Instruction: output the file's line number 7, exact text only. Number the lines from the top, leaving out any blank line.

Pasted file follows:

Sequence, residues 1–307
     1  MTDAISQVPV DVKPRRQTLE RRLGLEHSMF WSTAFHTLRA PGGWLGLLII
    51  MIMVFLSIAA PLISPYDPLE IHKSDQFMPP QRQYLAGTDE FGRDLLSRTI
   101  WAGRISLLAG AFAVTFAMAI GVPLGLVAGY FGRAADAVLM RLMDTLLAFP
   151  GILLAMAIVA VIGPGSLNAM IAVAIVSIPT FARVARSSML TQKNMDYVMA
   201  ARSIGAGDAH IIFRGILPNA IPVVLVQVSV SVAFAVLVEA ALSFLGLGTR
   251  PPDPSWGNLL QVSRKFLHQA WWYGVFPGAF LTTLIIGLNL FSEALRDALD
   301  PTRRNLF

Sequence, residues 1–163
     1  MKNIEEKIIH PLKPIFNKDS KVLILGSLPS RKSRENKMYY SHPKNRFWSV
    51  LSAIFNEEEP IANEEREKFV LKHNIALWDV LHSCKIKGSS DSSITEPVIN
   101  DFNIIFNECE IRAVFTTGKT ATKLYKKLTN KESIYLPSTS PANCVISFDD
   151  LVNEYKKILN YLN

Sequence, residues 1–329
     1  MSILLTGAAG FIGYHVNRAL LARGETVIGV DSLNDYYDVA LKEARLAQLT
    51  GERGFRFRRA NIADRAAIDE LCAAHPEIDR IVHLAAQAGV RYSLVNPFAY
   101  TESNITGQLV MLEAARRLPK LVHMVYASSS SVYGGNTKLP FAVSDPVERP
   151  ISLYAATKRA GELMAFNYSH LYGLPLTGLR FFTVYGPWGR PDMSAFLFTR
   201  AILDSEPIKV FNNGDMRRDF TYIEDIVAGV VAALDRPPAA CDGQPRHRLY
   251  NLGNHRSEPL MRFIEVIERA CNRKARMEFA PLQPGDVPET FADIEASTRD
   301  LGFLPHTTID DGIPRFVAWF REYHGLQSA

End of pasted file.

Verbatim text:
   251  PPDPSWGNLL QVSRKFLHQA WWYGVFPGAF LTTLIIGLNL FSEALRDALD